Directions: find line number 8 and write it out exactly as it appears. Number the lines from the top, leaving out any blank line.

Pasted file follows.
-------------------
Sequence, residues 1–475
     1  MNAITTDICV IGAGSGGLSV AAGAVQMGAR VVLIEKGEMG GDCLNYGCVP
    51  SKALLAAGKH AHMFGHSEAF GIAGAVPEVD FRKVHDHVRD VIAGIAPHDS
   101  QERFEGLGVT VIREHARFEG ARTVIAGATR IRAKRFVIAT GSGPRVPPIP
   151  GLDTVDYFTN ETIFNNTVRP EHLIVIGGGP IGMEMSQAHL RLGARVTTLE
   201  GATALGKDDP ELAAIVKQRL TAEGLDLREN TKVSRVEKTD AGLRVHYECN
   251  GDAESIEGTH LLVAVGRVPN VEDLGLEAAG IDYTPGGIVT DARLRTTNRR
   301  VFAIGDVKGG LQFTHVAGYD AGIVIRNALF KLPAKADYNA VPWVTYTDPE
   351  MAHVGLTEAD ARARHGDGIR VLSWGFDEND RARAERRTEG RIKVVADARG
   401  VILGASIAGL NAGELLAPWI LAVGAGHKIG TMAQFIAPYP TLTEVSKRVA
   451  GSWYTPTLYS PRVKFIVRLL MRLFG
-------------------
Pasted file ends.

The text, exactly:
   301  VFAIGDVKGG LQFTHVAGYD AGIVIRNALF KLPAKADYNA VPWVTYTDPE